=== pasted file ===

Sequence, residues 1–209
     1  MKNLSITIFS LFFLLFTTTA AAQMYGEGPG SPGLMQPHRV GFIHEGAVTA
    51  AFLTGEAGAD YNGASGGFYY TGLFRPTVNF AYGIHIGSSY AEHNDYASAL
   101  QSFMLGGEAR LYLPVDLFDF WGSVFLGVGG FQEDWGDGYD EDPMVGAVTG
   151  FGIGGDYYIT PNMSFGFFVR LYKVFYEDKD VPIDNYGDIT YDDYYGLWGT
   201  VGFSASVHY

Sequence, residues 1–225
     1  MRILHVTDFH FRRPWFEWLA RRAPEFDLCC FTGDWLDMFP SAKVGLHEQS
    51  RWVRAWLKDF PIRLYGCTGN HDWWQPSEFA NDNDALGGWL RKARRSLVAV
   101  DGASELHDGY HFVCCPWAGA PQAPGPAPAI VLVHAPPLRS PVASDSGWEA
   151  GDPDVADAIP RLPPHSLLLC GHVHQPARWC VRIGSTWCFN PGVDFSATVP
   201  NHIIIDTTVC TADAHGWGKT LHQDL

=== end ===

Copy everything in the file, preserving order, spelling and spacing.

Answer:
Sequence, residues 1–209
     1  MKNLSITIFS LFFLLFTTTA AAQMYGEGPG SPGLMQPHRV GFIHEGAVTA
    51  AFLTGEAGAD YNGASGGFYY TGLFRPTVNF AYGIHIGSSY AEHNDYASAL
   101  QSFMLGGEAR LYLPVDLFDF WGSVFLGVGG FQEDWGDGYD EDPMVGAVTG
   151  FGIGGDYYIT PNMSFGFFVR LYKVFYEDKD VPIDNYGDIT YDDYYGLWGT
   201  VGFSASVHY

Sequence, residues 1–225
     1  MRILHVTDFH FRRPWFEWLA RRAPEFDLCC FTGDWLDMFP SAKVGLHEQS
    51  RWVRAWLKDF PIRLYGCTGN HDWWQPSEFA NDNDALGGWL RKARRSLVAV
   101  DGASELHDGY HFVCCPWAGA PQAPGPAPAI VLVHAPPLRS PVASDSGWEA
   151  GDPDVADAIP RLPPHSLLLC GHVHQPARWC VRIGSTWCFN PGVDFSATVP
   201  NHIIIDTTVC TADAHGWGKT LHQDL